Learning and development are recurring themes in my conversation with Sofie van Dijck, a.k.a. Sofie Winterson. As a songwriter she continously seeks new methods and inspiration. That is probably what makes her music so interesting: a fresh mix of traditional folk and indie pop, with lyrics that are often darker than the sound suggests.
Watch her play Love Me Less and a cover of Unknown Mortal Orchestra’s So Good At Being In Trouble in the mesmerizing location; museum Panorama Mesdag in The Hague. Surrounded by Europe’s biggest panorama, she recorded an incredible session.
‘My guitar teacher was my personal Spotify’
‘I listened to a lot of soul music as a teenager. My older brother and sister often let me hear songs and told me “what I should listen to”. When I was 11 years old, I went to the store with my older sister to buy my first record. She said: “You’re going to remember forever what your first record was, so you really need to find something good.” My first single was 2Pac’s Changes and my first record was a live album by Erykah Badu; amazingly beautiful. Because of my older brother and sister, I started to choose music more consciously.’
Van Dijck comes from a musical family anyway: her older brother Joost drums in the band My Baby, in which younger sister Cato sings. And before that, already at an early age, they formed soul pop band The Souldiers. ‘I heard a lot of The Beatles at home first, then it became more about soul. My brother and Daniel, the guitarist of our band, had the same guitar teacher as me. He had a huge record cabinet and made us listen to a lot of things, and was our personal Spotify at the time. I learned a lot from that.’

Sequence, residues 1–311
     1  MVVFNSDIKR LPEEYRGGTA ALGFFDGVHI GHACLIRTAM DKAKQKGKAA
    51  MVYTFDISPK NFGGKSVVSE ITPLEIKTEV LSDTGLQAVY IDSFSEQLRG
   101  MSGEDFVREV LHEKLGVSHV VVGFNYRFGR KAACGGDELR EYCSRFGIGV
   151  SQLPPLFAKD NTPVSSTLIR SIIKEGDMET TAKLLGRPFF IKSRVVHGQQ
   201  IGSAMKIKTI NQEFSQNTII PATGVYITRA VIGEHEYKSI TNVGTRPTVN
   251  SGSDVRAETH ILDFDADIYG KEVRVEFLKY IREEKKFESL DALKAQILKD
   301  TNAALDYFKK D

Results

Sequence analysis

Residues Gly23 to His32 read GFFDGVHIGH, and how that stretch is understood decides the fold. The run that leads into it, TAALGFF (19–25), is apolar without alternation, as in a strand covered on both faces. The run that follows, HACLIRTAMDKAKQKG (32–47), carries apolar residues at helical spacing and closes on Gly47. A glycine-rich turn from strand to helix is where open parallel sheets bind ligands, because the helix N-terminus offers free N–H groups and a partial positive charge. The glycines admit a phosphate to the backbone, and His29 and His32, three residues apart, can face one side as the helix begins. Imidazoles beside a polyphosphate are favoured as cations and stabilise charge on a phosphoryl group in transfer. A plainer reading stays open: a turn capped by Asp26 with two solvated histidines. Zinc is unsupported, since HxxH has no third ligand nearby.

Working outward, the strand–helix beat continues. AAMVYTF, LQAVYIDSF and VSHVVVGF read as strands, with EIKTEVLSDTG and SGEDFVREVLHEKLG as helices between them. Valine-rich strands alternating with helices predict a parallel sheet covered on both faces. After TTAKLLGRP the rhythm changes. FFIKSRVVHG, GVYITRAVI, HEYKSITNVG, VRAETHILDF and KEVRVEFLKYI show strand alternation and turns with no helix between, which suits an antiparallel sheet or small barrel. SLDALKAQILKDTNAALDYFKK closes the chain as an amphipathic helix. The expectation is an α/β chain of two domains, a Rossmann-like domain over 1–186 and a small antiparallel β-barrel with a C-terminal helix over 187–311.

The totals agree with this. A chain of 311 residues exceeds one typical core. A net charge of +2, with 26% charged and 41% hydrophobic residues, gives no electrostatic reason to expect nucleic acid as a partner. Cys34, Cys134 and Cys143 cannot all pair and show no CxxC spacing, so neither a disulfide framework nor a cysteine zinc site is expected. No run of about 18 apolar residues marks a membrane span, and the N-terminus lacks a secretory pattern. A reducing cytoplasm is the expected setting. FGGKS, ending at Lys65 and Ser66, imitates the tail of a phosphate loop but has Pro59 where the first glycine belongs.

‘I was about sixteen years old when we started the Souldiers and I listened to a lot of soul and folk. From high school on we were practicing and playing endlessly.’ The Souldiers played a lot of covers, but they also wrote their own songs. Well-known Dutch pop journalist Leo Blokhuis and actor/singer Ricky Koole discovered the band after a few years and released them on their record label. They were a guest on the national talk show De Wereld Draait Door and suddenly the band got a lot of attention. ‘The impact of that show was huge. I remember playing in the Maloe Melo venue in Amsterdam the next night and suddenly there was a row of people waiting on the street. We didn’t even believe they were there for us. Those people were purely there because it was announced on television.’ In total, The Souldiers existed for about eight years. Sofie went her own way with Sofie Winterson, sister Cato and brother Joost are now touring the world with the “roots driven hypnotic dance music” of My Baby.
‘My affection for Unknown Mortal Orchestra came a lot later. I used to have quite a snobby taste: I was really only into old music. When I went to the Conservatorium van Amsterdam (Amsterdam University of the Arts), I came into contact with more dreampop-like styles.’ She remembers seeing The Bird And The Bee, whose singer is the daughter of Little Feat’s Lowell George. ‘I reckoned she is also a kind of folk-daughter but makes pop music herself. Why would that not be an option for me? During that period, I started to be more open to indie pop and other new music. Unknown Mortal Orchestra was very special to me because it he mixes folk with newer music. It’s got many roots influences, while also being real pop music.’